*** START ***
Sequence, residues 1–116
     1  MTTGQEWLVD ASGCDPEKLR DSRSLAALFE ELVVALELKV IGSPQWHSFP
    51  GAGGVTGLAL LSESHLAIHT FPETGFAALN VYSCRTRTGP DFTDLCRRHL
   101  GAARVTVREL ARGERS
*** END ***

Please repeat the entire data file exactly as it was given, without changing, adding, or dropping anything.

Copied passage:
Sequence, residues 1–116
     1  MTTGQEWLVD ASGCDPEKLR DSRSLAALFE ELVVALELKV IGSPQWHSFP
    51  GAGGVTGLAL LSESHLAIHT FPETGFAALN VYSCRTRTGP DFTDLCRRHL
   101  GAARVTVREL ARGERS